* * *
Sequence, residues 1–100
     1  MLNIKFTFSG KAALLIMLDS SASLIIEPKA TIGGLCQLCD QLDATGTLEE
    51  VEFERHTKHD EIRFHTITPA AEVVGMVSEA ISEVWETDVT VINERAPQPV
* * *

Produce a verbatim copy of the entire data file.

Sequence, residues 1–100
     1  MLNIKFTFSG KAALLIMLDS SASLIIEPKA TIGGLCQLCD QLDATGTLEE
    51  VEFERHTKHD EIRFHTITPA AEVVGMVSEA ISEVWETDVT VINERAPQPV